I always ask clients who want help with “selling” themselves – whether in print/electronically (e.g. a resume) or in person (an interview) – to pay close attention to what the potential employer is seeking. As obvious and logical a principle as this may be, it is too often violated. A surprisingly large number of people concentrate on what they feel are their strengths without tailoring their resumes at all, and in interviews fail to shape their strengths narrative to the employers’ needs. They are too wrapped up in the presentation of their “brand.”*
How does one go about determining those needs? In many cases, they come from the job description that is posted for any job that is advertised** Unfortunately, in many cases that description is so broad and/or vague that it provides little guidance. For example, a large percentage of published job descriptions mention facility with multi-tasking. What exactly does that mean? Is it literally suggesting that a candidate be able to do two (or three) things simultaneously? Probably not, since that is essentially impossible. It may suggest that the employer is looking for someone who can handle a heavy workload, or short, high-pressure deadlines. Or someone who is going to be reporting to a couple of different bosses. That’s quite a range of possibilities.
Among other frequently listed requirements are: communication skills, interpersonal strengths, and high energy: other overly broad and vague descriptors. So how does a candidate determine what the employer is REALLY looking for? Through smart intelligence gathering.
By smart intelligence gathering, I mean identifying people who are in a position to have a good idea of what set of qualities is truly being sought and then finding ways to connect with them so as to be able to get the real “skinny”. That intelligence gathering, if done properly, will suss out information that may be even more vital than the qualities listed in the job posting, for example information about the organization’s culture (hierarchical? creative? democratic? informal?). Information about the financial health and growth prospects of the organization. And perhaps most important, information about the prospective boss. A micromanager? A tyrant? A perfectionist? A “snake”? Someone on the outs with Management, or a favorite? The more you can find out about your prospective employer and your prospective boss the better you will be able to tailor your “pitch.” And the better you will be able to determine both whether it’s a job you can compete for and, as significantly, whether it’s a job you will like and succeed in.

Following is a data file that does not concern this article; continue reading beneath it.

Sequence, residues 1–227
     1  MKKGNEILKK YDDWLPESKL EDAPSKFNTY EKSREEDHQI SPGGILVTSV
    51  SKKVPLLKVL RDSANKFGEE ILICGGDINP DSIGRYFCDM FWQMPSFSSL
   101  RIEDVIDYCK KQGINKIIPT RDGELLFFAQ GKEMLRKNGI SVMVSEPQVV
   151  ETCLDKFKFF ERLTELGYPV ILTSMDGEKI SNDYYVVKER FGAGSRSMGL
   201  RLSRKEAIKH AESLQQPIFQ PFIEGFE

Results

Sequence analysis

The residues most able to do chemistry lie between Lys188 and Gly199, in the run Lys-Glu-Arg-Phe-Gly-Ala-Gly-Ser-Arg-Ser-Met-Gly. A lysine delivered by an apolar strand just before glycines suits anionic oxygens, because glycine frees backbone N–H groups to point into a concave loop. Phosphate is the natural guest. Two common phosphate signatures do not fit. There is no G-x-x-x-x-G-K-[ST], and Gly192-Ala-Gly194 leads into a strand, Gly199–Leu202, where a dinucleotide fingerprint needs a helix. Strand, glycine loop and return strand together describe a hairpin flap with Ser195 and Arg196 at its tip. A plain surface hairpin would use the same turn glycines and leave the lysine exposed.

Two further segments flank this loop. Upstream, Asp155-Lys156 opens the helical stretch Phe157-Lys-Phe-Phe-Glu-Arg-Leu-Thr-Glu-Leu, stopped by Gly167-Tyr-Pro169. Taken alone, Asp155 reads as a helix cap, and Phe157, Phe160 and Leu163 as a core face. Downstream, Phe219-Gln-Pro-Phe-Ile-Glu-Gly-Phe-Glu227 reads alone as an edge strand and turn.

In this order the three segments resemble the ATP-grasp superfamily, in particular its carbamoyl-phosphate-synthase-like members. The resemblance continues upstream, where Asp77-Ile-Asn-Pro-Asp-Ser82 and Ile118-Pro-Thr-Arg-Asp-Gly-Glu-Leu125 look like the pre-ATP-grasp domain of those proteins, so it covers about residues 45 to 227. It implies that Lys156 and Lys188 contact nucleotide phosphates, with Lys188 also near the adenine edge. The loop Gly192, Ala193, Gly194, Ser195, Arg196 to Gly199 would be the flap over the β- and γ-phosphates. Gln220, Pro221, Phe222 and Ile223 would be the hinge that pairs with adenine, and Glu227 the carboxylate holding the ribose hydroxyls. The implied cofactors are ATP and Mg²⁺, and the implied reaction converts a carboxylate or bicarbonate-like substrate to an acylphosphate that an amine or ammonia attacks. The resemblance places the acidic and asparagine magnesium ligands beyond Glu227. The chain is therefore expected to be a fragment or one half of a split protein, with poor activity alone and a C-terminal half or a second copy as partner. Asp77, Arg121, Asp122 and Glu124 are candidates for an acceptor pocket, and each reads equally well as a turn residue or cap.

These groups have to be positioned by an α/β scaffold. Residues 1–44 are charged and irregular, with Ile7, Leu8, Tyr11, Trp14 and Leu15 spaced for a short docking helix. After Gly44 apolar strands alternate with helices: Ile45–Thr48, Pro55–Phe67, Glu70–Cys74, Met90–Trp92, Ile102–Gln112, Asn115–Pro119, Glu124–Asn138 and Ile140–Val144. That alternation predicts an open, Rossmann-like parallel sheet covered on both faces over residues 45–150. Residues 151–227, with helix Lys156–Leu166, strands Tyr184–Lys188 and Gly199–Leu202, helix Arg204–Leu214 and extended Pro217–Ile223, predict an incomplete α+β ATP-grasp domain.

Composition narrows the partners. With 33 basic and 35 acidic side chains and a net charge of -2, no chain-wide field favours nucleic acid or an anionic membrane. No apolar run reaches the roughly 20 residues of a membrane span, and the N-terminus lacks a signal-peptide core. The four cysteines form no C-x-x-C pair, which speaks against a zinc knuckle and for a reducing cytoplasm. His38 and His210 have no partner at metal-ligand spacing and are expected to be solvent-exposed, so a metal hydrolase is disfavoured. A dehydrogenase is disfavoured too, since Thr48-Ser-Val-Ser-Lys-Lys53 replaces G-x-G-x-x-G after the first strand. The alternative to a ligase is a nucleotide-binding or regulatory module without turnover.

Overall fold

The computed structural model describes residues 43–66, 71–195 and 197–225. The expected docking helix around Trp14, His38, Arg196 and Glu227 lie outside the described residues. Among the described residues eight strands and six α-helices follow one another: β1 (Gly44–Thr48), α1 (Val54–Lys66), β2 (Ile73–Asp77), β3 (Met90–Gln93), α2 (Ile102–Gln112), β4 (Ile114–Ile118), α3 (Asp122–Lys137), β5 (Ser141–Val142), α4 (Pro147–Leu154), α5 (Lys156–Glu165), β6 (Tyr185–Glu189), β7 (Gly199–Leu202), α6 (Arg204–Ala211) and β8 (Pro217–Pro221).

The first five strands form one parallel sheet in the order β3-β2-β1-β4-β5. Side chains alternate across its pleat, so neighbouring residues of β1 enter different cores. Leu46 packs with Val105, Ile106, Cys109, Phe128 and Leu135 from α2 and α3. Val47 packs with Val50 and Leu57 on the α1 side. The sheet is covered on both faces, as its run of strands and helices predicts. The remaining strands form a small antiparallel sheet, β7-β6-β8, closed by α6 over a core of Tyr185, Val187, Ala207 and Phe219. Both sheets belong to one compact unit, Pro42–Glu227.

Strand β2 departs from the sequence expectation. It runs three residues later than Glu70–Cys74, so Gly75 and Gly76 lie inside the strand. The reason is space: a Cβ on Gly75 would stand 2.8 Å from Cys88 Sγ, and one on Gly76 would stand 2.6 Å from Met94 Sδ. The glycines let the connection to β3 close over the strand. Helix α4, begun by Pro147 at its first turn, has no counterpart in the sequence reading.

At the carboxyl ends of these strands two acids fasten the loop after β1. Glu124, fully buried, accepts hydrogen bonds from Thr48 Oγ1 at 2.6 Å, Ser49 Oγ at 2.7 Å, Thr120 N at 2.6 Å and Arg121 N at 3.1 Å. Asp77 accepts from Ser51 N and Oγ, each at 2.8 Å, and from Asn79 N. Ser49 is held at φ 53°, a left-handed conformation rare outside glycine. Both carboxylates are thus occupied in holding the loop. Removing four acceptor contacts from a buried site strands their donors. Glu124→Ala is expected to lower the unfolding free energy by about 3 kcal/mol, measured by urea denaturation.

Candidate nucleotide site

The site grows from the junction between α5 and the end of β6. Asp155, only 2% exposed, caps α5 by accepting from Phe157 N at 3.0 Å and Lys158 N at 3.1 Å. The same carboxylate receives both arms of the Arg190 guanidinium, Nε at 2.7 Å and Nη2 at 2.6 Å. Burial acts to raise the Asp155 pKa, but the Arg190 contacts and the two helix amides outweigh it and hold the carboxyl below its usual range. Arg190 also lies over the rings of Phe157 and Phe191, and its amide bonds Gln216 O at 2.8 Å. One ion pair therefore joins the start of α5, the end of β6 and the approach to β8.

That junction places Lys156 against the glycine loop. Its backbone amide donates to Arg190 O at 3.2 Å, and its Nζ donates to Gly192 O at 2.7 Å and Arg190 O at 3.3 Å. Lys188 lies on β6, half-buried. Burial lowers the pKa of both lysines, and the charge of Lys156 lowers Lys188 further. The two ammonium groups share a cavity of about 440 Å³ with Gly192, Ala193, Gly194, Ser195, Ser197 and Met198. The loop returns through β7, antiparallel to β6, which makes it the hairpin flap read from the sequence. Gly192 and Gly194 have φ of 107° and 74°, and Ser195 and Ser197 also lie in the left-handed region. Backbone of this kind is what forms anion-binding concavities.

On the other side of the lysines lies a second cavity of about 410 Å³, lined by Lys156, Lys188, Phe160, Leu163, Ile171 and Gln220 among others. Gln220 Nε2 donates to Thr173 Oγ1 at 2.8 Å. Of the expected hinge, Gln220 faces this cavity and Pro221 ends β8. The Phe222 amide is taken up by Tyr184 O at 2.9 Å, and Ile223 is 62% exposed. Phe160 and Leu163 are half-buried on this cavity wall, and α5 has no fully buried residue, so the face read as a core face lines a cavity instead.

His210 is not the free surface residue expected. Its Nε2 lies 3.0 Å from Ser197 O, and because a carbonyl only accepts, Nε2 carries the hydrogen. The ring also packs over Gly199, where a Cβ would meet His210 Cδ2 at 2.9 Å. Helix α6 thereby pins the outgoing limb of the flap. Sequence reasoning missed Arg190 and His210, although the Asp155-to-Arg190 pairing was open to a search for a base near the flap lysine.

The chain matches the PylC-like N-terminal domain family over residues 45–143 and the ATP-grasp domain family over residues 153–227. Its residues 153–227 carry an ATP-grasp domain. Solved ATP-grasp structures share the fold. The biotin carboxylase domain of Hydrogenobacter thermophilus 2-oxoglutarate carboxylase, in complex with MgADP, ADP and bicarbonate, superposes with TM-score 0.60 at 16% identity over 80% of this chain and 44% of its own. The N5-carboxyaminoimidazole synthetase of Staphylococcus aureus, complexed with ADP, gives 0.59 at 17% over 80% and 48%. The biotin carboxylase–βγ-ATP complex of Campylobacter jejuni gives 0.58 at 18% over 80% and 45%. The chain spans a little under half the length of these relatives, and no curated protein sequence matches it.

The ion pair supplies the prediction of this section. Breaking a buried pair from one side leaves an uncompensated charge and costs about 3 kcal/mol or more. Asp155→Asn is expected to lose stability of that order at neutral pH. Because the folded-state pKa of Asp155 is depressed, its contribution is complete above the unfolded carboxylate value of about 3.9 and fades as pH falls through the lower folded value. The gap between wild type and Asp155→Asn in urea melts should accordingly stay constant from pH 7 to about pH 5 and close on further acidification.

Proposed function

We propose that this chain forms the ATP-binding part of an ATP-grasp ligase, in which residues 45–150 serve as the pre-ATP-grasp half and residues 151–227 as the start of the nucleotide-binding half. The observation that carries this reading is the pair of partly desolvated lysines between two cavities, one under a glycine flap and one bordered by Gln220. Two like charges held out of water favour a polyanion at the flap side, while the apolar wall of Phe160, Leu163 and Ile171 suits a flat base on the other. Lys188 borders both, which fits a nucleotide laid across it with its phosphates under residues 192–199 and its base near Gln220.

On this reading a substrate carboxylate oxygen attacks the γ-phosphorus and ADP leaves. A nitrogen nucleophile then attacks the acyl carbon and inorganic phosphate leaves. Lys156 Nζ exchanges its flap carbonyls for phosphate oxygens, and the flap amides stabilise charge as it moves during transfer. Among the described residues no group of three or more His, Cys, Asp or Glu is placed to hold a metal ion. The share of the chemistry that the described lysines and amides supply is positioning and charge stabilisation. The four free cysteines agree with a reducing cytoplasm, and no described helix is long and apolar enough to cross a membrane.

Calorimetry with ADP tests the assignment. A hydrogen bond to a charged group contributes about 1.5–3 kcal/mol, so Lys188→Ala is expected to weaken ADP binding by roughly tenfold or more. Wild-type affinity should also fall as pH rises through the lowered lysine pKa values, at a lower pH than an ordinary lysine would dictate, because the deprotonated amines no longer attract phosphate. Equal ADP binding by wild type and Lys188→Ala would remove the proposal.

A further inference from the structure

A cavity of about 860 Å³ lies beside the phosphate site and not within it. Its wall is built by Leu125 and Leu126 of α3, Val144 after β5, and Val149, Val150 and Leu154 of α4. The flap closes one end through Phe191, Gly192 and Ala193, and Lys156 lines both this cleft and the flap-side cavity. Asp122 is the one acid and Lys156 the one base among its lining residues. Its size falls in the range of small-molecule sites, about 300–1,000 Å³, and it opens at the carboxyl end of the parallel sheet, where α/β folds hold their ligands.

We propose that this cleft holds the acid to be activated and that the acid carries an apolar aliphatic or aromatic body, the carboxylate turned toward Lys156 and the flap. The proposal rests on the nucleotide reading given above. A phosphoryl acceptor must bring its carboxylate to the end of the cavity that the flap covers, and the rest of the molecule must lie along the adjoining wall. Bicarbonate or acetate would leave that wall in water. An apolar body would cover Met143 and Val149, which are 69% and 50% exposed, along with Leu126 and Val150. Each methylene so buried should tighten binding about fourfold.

Perhaps the best tool for this information gathering (other than a close personal inside connection) is LinkedIn, which will allow you to identify current and past employees who will be able to shed light on the true nature of the job (see “A LinkedIn Primer,” my post of……. for a description of exactly how to go about this).
One other valuable source of information – your interviews for the job. Ask smart questions that can help you get a real feel for the organization. Questions like: “What kind of person / personal qualities tend to succeed here? Which lead to failure?” or “If you could change one thing about the organization, what would it be?” Also don’t overlook more quantifiable measures, like the typical workday hours or whether people actually use their vacation time.
In closing, let me say that in the absence of hard information to the contrary you should go with what the posted job description says in tailoring your approach. But understand that there may be a lot more to learn about your liking of, and success in, a job than what appears in the job description.
*A personal brand is of immense value in spreading general word about your availability, and in writing the what I call “generic” resume that you supply in all situations EXCEPT when applying for a specific job. Remember, however, that your brand is meant to have a very specific appeal which may not align closely enough with a desired position’s requirements relative to your competitors.
**Keep in mind that a large number of jobs do not have published descriptions. They may be “advertised” through word of mouth, or created to accommodate a particularly talented future employee.
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